Wednesday, October 28, 2020

The Slaying of Joe Foster (DCI Isaac Cook #13), by Phillip Strang

Phillip Strang, October 2020

DCI Cook and the Challis Street Station homicide team have a new murder on their hands. Major local crime boss Joe Foster has been shot dead, in broad daylight, in the street. A niggling little detail is that the street is Basing Street, a place he has no obvious reason to be.

In their search for the killer, they're soon studying not just his rivals, but his family--first wife, four sons and one daughter; second wife, one son, one daughter.

Relations between the two families are not good.

The oldest son of the first family, Terry, is ambitious and violent. Samantha, second-born, is smarter and more strategic. Tom is an unambitious drunk; Billy has his own quite profitable criminal career involving stolen cars, and has no real interest in Joe's criminal organizatio. The youngest, Ben, has a completely legal, and successful, career, and professes no interest in being involved in crime.

Emily, the second wife, shows every sign of having no interest in criminal activity, and professes to know very little about her husband's activities outside of the legal side of his business. But is this true? The team have doubts.

And then there's the major outside contender for Joe Foster's empire--Spanish John, the gang leader who went to school with DCI Isaac Cook, and is now DI Larry Hill's drinking buddy and occasional information source.

There's Foster's financial advisor, Jacob Morgan, an odd, reclusive, frugal man, who must know all of Foster's financial secrets, and maybe have skimmed some for himself.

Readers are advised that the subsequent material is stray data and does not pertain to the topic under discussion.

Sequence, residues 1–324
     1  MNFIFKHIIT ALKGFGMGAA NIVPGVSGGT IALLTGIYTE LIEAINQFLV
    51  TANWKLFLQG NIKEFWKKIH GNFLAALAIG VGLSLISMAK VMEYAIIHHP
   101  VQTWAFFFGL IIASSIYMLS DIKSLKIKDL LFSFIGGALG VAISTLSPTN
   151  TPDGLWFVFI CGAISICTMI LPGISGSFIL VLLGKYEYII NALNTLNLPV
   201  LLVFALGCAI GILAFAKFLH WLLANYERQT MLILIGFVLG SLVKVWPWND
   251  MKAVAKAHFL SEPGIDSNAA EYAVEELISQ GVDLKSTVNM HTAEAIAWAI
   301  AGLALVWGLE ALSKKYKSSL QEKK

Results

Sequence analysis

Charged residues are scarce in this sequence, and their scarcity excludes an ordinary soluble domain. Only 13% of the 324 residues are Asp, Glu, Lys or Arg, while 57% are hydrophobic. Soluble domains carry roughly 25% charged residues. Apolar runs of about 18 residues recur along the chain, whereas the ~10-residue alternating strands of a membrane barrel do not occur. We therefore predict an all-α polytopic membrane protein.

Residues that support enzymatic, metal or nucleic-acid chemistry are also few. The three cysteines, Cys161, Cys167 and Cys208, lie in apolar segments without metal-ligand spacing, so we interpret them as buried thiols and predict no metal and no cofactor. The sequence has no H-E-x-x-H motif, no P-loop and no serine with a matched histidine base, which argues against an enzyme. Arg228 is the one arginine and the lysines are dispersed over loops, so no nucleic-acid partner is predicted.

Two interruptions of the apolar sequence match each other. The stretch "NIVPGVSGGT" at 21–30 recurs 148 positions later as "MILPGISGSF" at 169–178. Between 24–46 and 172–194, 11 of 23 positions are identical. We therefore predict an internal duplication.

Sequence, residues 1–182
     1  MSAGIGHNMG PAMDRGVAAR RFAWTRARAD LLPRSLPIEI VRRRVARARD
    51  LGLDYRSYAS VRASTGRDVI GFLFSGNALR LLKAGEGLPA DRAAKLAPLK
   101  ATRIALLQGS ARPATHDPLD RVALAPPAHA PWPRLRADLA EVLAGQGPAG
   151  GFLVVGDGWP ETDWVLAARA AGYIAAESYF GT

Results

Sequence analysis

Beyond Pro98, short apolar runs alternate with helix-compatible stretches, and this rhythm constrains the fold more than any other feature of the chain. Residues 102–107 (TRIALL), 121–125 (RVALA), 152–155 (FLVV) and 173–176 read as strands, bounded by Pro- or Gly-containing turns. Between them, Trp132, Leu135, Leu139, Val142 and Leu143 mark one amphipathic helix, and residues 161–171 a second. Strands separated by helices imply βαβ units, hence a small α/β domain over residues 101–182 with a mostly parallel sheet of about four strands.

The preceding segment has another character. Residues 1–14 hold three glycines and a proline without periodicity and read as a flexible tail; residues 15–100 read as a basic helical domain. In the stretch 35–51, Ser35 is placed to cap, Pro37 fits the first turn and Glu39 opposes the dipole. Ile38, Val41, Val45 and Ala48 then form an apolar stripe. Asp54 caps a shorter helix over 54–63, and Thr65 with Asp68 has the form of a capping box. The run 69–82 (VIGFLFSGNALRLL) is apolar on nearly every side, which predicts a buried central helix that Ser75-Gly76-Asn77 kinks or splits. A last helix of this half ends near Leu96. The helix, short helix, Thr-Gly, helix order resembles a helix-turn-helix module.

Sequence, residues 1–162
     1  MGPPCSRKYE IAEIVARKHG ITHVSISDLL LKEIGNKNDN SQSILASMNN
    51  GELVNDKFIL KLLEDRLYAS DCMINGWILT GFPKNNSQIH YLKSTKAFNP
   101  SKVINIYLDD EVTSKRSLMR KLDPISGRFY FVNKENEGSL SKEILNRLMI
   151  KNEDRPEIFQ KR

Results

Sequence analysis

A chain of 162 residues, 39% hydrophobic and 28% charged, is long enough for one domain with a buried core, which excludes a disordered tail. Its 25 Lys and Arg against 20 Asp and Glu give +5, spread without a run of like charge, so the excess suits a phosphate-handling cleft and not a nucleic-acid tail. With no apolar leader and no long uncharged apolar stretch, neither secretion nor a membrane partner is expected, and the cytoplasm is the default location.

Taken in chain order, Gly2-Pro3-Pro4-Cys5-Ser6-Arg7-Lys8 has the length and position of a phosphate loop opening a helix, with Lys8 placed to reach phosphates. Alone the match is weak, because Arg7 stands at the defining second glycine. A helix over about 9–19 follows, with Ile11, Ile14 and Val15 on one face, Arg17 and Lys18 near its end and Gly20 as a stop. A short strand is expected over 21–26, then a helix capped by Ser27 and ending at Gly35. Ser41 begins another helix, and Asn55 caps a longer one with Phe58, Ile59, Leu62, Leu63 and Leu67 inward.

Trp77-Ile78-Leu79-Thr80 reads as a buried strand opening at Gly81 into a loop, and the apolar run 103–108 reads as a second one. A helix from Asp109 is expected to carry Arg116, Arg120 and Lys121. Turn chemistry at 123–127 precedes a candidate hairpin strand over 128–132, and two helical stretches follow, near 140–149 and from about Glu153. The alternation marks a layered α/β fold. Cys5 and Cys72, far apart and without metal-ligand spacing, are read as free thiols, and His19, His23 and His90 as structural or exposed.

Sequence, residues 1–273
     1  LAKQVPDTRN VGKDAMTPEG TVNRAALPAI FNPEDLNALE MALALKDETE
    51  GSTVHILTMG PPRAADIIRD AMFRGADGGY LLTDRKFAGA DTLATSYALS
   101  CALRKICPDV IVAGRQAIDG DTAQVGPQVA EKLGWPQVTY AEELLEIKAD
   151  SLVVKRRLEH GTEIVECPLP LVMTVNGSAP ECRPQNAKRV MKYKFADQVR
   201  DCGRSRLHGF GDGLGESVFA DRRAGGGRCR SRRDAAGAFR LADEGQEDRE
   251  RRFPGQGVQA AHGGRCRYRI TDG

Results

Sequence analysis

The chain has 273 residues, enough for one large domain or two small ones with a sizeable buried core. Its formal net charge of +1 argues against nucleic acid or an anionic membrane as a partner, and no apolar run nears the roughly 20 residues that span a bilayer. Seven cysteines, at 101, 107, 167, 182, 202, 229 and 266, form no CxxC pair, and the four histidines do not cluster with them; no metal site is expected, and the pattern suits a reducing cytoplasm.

And lastly, there's Tony Rafter, a highly successful businessman, entirely too well-connected politically for any serious investigation. Even the pro forma questioning that can't be avoided because of his connctions to Foster and Morgan requires that Cook's boss, Detective Chief Superintendent Goddard, be a part of it.

It only gets more complicated, as they discover Foster's young mistress, there's an all too credible accusation of corruption against Larry Hill, Morgan disappears, and Terry Foster is shot.

I like these characters, and the story is good. The characters continue to grow. It's good that Isaac Cook is now married, they have a baby, and they're in a new house, suitable for rasing a family in the way Isaac's old flat wasn't. What doesn't seem to be changing much, though, is the fact that both Goddard and Cook deserve promotion, and the politics that instead seem to ensure that there's always career-ending political disaster hovering over them. This may or may not be realistic, but the two stalled careers with impending disaster ever-present, over multiple books, does not make for a satisfying story element. It's a frustration for me.

Nevertheless, a very good mystery. Recommended.

I received a free electronic galley from the author, and am reviewing it voluntarily.

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